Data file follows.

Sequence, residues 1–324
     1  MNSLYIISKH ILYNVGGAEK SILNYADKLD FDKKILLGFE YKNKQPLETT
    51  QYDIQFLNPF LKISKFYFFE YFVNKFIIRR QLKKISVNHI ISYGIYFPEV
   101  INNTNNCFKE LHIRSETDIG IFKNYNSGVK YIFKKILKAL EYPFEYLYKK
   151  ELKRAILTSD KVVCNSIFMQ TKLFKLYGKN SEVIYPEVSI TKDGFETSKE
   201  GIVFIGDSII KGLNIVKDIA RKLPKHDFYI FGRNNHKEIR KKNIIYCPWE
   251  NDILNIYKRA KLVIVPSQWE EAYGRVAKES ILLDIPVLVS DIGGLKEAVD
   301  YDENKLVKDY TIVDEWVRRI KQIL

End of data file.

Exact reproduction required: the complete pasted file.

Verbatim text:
Sequence, residues 1–324
     1  MNSLYIISKH ILYNVGGAEK SILNYADKLD FDKKILLGFE YKNKQPLETT
    51  QYDIQFLNPF LKISKFYFFE YFVNKFIIRR QLKKISVNHI ISYGIYFPEV
   101  INNTNNCFKE LHIRSETDIG IFKNYNSGVK YIFKKILKAL EYPFEYLYKK
   151  ELKRAILTSD KVVCNSIFMQ TKLFKLYGKN SEVIYPEVSI TKDGFETSKE
   201  GIVFIGDSII KGLNIVKDIA RKLPKHDFYI FGRNNHKEIR KKNIIYCPWE
   251  NDILNIYKRA KLVIVPSQWE EAYGRVAKES ILLDIPVLVS DIGGLKEAVD
   301  YDENKLVKDY TIVDEWVRRI KQIL